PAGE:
Monday, June 05, 2006
A quick scan of Divisional Orders each week shows loads of officers doing any of the above. It's also interesting to note the amount of probationers who are resigning before they've completed their two years. Makes you wonder - did they decide the job wasn't for them, or is the job so difficult on new probationers that it takes superhuman levels of patience and perseverance to survive the initial period?
Either way, we're at the stage now where if there were ever to be an overtime ban or restrictions, we wouldn't be able to carry out all of our roles and responsibilities. Of that you can be sure. It's partly down to lack of officers and pisspoor management of officers that are there.
Yet at the same time there exists a list of officers who earn in excess of £1000-£2000 per month in overtime. I don't know if anything is done about this list. Certainly if bossess ask staff to cut down on the overtime they'd cause some major problems, since initiatives and obligations would go unfulfilled, and the bosses in charge of making sure these are met would face some tough questions. On second thoughts, if it's likely to affect a managerial career, nothing will be done that is adverse to the advancement or protection of that career.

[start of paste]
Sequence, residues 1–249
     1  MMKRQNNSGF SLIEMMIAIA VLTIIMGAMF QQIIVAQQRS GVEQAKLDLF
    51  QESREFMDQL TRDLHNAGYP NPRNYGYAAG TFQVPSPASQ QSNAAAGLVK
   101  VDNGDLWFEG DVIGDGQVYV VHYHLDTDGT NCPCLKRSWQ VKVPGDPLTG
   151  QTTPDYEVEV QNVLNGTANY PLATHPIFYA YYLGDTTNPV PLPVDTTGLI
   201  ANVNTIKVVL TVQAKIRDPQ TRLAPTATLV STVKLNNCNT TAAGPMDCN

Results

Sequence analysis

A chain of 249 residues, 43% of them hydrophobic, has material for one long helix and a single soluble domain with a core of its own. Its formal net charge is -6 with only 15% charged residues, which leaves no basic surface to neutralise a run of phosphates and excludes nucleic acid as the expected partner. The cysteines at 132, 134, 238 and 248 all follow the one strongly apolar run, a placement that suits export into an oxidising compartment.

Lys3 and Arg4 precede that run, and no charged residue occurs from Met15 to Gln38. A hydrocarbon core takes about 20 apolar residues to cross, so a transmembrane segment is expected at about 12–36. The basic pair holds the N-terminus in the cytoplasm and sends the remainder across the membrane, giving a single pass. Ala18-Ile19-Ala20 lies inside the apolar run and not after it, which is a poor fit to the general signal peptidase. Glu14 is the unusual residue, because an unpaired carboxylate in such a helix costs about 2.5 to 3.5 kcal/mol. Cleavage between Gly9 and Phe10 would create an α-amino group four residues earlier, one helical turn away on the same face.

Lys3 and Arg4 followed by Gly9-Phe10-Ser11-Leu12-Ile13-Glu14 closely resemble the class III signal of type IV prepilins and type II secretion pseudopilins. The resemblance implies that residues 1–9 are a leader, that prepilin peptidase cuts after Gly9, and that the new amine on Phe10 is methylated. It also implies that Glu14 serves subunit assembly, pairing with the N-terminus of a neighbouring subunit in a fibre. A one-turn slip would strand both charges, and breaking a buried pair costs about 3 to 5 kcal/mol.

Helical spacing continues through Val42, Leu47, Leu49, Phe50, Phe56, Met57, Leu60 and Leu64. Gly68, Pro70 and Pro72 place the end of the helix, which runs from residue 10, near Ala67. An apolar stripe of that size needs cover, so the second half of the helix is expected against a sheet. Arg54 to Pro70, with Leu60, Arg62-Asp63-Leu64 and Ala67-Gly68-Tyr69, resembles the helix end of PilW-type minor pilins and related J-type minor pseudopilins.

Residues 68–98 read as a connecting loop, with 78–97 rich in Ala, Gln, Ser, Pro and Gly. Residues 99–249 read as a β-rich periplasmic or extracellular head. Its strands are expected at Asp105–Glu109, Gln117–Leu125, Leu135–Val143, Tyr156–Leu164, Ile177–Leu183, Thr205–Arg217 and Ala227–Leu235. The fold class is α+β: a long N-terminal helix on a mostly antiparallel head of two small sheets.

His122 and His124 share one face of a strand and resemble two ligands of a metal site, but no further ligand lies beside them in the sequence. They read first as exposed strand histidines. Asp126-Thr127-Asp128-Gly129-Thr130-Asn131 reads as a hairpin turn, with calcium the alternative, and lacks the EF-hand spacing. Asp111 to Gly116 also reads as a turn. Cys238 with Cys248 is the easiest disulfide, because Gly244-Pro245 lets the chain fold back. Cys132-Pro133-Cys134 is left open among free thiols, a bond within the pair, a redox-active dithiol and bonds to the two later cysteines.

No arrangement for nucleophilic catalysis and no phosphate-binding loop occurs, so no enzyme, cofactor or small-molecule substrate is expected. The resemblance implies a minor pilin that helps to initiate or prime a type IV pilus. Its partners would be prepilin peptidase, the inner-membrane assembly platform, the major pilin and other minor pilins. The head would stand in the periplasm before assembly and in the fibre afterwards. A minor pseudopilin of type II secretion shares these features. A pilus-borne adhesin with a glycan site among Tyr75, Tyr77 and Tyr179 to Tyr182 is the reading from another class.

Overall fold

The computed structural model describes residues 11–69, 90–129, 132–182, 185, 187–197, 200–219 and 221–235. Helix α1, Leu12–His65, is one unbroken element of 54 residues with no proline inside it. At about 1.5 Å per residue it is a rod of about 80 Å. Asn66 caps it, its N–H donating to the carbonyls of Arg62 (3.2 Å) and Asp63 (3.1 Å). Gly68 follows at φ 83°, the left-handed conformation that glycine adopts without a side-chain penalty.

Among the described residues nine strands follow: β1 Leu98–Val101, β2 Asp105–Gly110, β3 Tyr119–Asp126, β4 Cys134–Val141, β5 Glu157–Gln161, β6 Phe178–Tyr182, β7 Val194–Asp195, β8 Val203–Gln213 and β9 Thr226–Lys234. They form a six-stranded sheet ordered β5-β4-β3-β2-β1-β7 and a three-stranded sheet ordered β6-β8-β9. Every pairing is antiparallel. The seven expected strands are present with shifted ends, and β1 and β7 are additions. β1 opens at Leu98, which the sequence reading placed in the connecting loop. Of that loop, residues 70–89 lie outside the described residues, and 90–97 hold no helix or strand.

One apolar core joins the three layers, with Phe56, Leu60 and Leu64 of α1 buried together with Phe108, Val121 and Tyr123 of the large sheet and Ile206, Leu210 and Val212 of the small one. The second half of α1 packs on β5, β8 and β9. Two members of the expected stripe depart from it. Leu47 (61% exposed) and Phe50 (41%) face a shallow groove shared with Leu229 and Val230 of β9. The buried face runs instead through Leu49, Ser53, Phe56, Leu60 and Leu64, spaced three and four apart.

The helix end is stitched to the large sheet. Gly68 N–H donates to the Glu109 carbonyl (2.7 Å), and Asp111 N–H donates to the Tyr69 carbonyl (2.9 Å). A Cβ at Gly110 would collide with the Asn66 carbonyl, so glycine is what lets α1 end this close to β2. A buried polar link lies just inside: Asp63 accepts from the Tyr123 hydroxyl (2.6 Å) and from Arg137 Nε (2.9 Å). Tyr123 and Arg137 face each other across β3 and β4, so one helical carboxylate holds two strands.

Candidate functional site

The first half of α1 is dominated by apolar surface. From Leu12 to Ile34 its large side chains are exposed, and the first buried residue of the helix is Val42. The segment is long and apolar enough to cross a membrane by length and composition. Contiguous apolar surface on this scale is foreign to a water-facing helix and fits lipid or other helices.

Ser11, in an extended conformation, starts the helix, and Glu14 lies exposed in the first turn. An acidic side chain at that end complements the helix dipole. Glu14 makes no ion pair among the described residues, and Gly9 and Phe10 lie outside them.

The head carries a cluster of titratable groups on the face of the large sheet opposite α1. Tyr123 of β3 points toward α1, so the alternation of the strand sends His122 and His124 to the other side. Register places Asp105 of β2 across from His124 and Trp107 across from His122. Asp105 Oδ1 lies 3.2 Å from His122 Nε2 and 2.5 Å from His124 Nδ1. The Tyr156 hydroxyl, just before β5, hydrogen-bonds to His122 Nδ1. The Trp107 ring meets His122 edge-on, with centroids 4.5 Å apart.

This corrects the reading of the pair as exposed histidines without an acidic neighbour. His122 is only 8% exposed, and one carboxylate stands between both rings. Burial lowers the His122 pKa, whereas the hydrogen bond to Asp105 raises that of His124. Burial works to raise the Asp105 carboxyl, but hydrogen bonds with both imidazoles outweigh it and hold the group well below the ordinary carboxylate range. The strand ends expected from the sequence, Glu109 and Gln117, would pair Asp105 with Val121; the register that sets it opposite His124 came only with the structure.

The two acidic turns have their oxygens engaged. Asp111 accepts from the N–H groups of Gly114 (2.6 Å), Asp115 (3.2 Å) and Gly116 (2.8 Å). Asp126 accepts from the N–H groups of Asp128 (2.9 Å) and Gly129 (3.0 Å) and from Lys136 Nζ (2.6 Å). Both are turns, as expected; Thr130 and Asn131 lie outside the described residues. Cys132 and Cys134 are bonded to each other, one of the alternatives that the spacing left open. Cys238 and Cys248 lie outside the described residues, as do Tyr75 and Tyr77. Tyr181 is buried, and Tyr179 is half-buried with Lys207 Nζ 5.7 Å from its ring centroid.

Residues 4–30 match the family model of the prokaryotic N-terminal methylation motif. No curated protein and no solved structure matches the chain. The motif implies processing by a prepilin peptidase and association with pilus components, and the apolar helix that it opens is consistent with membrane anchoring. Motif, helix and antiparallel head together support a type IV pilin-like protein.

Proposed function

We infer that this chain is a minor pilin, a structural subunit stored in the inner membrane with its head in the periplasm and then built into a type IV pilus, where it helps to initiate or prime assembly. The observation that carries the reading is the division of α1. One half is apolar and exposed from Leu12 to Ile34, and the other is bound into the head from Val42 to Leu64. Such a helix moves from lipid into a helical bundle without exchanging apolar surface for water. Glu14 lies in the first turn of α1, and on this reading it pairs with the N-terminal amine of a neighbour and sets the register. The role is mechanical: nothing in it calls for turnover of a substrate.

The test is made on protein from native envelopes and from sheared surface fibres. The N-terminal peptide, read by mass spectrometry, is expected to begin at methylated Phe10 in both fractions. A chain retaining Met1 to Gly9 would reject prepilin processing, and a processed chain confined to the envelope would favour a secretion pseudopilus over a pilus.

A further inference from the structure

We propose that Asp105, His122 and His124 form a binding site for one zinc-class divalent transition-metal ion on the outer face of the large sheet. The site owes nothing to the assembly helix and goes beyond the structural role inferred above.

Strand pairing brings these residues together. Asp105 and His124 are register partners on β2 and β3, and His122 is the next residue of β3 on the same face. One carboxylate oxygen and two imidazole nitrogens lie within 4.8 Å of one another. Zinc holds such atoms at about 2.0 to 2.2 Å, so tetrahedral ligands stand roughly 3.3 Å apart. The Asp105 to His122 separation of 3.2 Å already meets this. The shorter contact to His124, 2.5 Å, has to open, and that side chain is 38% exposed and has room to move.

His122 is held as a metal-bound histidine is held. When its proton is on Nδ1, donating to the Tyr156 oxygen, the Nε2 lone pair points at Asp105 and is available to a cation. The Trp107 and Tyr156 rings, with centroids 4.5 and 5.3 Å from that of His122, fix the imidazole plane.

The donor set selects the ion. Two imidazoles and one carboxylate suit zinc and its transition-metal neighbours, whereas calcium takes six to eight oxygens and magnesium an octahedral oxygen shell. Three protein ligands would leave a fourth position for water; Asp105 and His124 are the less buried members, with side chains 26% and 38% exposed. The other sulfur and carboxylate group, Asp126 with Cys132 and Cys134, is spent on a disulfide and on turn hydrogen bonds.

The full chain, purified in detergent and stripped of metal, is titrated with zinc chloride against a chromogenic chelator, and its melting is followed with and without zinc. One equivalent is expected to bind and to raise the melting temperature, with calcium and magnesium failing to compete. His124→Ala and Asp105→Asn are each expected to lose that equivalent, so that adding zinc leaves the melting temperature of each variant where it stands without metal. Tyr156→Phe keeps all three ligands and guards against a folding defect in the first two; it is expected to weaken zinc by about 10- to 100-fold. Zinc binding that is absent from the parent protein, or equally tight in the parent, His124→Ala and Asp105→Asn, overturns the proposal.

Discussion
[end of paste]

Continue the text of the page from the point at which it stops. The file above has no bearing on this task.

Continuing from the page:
Maybe I should ask the bosses how much they earn each month, and keep a list? It's the same principle, and they do less than half the actual work we do!
"There's been a murder! We need to investigate it!"
"Sorry, we haven't got the staff - they're all tied up on performance management evaluations, specifically with regards to meeting budget savings targets"
"Right well let's get people in on overtime - the killer has left a note saying he'll strike again within two weeks."
"Oooh, bad news on that one too..."
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